Tomorrow Season 1 Review – Glimmers of brilliance in an otherwise mediocre k-drama

Season 1

Episode Guide

Episode 1 -| Review Score – 4/5
Episode 2 -| Review Score – 3/5
Episode 3 -| Review Score – 3/5
Episode 4 -| Review Score – 3.5/5
Episode 5 -| Review Score – 2.5/5
Episode 6-| Review Score – 4.5/5
Episode 7-| Review Score – 3/5
Episode 8 -| Review Score – 3.5/5
Episode 9 -| Review Score – 3.5/5
Episode 10 -| Review Score – 4/5
Episode 11 -| Review Score – 4/5
Episode 12 -| Review Score – 3.5/5
Episode 13 -| Review Score – 4.5/5
Episode 14-| Review Score – 3.5/5
Episode 15 -| Review Score – 3/5
Episode 16 -| Review Score – 3.5/5

 

Tomorrow is somewhat of an enigma. On the one hand, this sci-fi K-drama is a kooky episodic thriller, tackling numerous different cases and diving into everything from mental health and depression through to workplace bullying and corruption. There are some genuine tear-jerking moments dotted throughout the series and a lot of imaginative ideas played with.

At the same time, Tomorrow not only botches its worldbuilding, it does so with so many questions that – if you stop and think about any of it – highlight serious flaws that undermine what’s happening. And to make matters worse, the central cast don’t really have all that much chemistry and feel awkwardly contrived together across the run-time.

But what is Tomorrow actually about? Well, the show centers on a guy called Choi Jun-Woong who bumps into a couple of Grim reapers one night, called Koo Ryeon and Ryung-Gu. They’re part of a team specializing in saving suicidal people. When their latest target jumps off a bridge, Jun-Woong follows, only to find himself slipping into a coma. His unconscious spirit ends up joining the Crisis Management team, where he’s whipped up on this adventure to save different suicidal people.

The actual premise isn’t too bad but as the episodes progress, Tomorrow throws up a number of different plot devices that have serious ramifications for the rest of the show. In one of the episodes, Ryeon uses a key to go back in time and stop someone’s death in order to save a suicidal man in the present… and then never uses that again. It’s akin to the Time Turner in Harry Potter being thrown in and then completely abandoned.

Time travel is a tricky element to add to a story at the best of times, and unless you have something super simple like Again My Life or deep and intricate like Dark, it feels completely unnecessary. It also diminishes all the tension because these guys can just jump back in time and try again if they fail.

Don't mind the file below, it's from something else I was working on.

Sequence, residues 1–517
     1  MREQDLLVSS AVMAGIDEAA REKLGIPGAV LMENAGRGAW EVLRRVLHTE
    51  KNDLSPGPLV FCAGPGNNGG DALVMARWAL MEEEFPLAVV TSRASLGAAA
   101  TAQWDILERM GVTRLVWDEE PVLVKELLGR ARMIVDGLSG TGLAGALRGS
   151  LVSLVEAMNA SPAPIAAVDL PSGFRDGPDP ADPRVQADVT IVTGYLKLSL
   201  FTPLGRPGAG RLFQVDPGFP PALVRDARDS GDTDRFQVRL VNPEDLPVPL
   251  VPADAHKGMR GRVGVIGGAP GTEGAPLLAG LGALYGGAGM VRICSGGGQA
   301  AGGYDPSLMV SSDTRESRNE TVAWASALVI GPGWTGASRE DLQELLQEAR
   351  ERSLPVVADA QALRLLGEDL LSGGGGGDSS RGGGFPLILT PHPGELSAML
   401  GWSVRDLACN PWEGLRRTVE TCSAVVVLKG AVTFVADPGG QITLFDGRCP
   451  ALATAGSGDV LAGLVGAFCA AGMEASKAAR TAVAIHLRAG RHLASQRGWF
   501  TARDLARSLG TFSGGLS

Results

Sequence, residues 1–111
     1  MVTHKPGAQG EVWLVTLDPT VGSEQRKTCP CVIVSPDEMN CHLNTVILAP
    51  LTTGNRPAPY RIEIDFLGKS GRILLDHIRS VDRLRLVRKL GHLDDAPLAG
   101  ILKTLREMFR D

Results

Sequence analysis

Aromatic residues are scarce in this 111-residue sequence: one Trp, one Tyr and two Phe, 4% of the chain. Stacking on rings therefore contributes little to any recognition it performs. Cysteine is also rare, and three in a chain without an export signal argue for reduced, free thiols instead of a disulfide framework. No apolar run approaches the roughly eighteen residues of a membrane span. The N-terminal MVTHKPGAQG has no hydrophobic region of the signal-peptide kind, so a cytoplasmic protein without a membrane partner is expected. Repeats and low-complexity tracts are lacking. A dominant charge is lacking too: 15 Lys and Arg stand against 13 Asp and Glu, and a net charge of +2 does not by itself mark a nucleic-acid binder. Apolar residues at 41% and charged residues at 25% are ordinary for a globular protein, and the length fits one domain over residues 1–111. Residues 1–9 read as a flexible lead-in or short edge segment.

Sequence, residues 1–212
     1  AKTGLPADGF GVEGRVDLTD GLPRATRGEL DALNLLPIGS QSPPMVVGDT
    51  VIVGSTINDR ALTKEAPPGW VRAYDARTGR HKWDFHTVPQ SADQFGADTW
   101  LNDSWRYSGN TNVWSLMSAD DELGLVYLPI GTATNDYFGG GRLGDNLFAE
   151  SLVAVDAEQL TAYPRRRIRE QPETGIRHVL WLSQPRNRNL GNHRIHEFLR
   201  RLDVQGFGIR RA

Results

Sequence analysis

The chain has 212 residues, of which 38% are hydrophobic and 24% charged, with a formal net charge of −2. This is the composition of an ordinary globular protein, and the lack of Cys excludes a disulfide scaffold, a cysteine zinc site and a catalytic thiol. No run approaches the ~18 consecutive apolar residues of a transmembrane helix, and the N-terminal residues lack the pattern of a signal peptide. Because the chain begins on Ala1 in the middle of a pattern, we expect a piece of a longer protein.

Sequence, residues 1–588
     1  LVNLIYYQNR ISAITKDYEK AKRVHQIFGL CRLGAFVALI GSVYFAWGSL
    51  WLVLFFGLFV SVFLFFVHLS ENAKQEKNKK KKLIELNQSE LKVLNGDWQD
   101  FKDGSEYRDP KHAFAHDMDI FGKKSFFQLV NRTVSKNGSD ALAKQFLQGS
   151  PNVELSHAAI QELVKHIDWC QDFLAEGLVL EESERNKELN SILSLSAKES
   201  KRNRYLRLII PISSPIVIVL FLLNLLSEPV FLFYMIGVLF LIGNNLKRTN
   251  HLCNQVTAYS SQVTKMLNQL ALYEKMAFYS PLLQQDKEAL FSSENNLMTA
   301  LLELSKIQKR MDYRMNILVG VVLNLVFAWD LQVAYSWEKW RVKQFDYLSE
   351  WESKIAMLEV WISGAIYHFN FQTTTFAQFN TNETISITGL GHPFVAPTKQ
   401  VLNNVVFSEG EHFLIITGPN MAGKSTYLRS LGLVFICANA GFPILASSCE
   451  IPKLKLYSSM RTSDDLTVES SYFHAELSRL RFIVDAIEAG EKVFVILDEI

Not only that, but the Reapers have a strict code of conduct that they break, constantly. One of their rules is to “not intervene in human affairs.” which is a contradiction unto itself given they’re stopping people from committing suicide. Ignoring that for a second though, one case is resolved by seeing Ryeon curse a boss by giving him stomach problems for the rest of his life every time he badmouths others. While amusing, it also breaks that aforementioned rule about human affairs. Wouldn’t it be ironic if it actually made him suicidal in the future? But just like the magic time travel device, it’s never mentioned again.

While some of the cases are resolved beautifully – especially one highlight involving a war vet – others feel disingenuous and at its worst, lack a fundamental understanding of different issues. One case sees a bulimic woman “cured” by eating cake with a slightly overweight woman, who claims that “eating isn’t bad, I love my body and you should too!” Look, suicide is an incredibly complex subject and fair play to the writers for trying but sometimes the show feels like it bludgeons its way into a magical solution. Oh and there’s also a suicidal dog that can talk to the Reapers, because of course there is.

These parts of the show are incredibly frustrating and it’s not helped that Tomorrow’s central cast don’t gel well together at all. There are some really poor attempts at injected comedy to lighten the mood, sometimes right in the middle of a tense or poignant moment. They also almost always fail to hit their mark. Not only that, but when the show finally does show the backstory for these characters, it almost feels like a different story altogether and arrives way too late in the game, with the final 3 or 4 chapters exploring this.

There are glimmers of brilliance in this series and some genuinely well-worked segments that deserve to be watched. The aforementioned war vet episode is arguably the best chapter of the whole show. In fact, the writing here is actually on par with My Liberation Notes, one of 2022’s best K-dramas. These moments though are drowned out by inconsistent worldbuilding, plot contrivances and poor characters.

Ultimately, Tomorrow is a bit of a mixed bag. Yes there are some golden moments but overall, as a collective whole, this one is disappointingly shallow and could have been so much more.


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  • Verdict - 5.5/10
    5.5/10
5.5/10

1 thought on “Tomorrow Season 1 Review – Glimmers of brilliance in an otherwise mediocre k-drama”

  1. I diagree.
    This K-drama is not mediocre in the least. The world building could be argued to be questionable. I agree about the bullimic womanthat it was glossed over and isn’t as easy as that! However, your idea of how the central cast “don’t gell together”??? I very much DISAGREE. The central cast was what drwe me and alot of people in. Their chemistry is one of the best that I have seen and flows easily. Their banter, the way they handle their issues, stand up for each other and make each other realise when they are wrong etc etc made the show 10000% worth watching.

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